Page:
The second of those further problems is that the concepts of peak oil and alternative energy extremely complicated. Although it is possible to reduce those two topics to five hundred words or so, the problem with such a single page explanation is that much of the vital information would be left out. If the document failed to mention every “an/but/or,” the message would almost certainly be lost. If, on the other hand, the document were to be expanded to cover every minute particular, the writer would probably lose track of the average reader, since the text might exceed the latter’s attention span.
The alternative energy problem can also be illuminated by examination of similar dialogues on other topics, especially in cases where science clashes with its opposite. A discussion about creationism, for example, might entail hours of exhausting dialogue, to be terminated when the creationist party raises his head, takes a deep breath, and says; “Well, I believe. . . .” The Conversation has reached a barrier, beyond which no travel is possible. When communication is in such a poor state, there is often little hope that the reader will go so far as to check citations, bibliographies, or further reading lists, or even to do something requiring as little labor as clicking on a hyperlink on a web page.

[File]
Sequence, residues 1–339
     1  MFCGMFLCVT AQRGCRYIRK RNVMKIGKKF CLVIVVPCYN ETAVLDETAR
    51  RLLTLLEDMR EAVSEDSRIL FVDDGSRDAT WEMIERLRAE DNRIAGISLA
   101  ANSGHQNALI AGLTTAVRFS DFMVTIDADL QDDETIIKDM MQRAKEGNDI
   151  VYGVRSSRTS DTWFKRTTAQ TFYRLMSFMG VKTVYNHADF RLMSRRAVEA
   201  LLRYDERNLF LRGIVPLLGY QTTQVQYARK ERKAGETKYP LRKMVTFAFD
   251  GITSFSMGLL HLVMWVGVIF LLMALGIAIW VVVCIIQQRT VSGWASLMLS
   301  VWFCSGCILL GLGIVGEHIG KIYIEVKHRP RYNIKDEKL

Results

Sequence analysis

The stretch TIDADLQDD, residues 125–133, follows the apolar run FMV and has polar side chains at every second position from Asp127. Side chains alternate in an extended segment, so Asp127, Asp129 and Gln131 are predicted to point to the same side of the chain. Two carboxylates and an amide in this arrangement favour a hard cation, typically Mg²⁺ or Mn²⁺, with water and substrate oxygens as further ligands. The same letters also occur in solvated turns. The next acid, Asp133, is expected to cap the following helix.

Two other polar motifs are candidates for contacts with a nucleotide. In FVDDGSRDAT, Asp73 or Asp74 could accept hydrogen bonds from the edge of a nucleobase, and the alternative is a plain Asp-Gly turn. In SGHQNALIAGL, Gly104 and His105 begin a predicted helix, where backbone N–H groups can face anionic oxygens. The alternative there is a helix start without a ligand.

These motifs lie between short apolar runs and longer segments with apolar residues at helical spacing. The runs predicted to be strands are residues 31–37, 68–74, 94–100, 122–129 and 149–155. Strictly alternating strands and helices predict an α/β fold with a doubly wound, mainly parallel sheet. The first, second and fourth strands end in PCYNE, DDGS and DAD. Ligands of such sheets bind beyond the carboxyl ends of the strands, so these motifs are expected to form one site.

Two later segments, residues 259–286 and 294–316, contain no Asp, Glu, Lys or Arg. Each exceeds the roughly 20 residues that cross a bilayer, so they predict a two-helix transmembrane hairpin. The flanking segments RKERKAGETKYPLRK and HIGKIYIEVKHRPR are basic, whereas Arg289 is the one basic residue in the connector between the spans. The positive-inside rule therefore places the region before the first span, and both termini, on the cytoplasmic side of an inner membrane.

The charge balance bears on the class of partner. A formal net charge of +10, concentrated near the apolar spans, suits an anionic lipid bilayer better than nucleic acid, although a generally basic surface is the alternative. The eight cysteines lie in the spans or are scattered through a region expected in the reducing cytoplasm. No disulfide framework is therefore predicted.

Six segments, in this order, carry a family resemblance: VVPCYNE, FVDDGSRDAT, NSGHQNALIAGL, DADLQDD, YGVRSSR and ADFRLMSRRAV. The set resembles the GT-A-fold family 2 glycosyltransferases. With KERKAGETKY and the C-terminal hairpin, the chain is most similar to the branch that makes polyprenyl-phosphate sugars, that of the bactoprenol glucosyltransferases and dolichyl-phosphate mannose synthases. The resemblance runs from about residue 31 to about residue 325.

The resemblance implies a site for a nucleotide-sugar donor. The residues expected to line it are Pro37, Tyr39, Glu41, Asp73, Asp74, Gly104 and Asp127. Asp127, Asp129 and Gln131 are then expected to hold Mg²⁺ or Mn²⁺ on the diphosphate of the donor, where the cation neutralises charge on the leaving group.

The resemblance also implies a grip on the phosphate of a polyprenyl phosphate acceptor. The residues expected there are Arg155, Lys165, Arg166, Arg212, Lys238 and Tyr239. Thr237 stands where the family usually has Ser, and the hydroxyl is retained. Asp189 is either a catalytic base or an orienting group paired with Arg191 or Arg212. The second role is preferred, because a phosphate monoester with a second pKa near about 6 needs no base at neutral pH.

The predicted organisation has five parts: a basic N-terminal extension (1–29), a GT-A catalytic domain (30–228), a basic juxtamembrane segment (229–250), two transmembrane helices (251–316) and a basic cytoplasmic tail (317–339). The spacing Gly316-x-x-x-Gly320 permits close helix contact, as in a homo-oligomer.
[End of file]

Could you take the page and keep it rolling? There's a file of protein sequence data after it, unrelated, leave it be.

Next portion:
There has been little data or other news to report lately. And I have been quite busy with little time to devote to the blog. I am in the process of a move to Gulf Breeze Fl. That is on a narrow peninsula between Pensacola and Pensacola Beach Fl. And I still have another week or two before I can get back to my leisurely schedule again. So don’t look for another post for another five to seven days. Well that is unless someone has a guest post they would like to give us.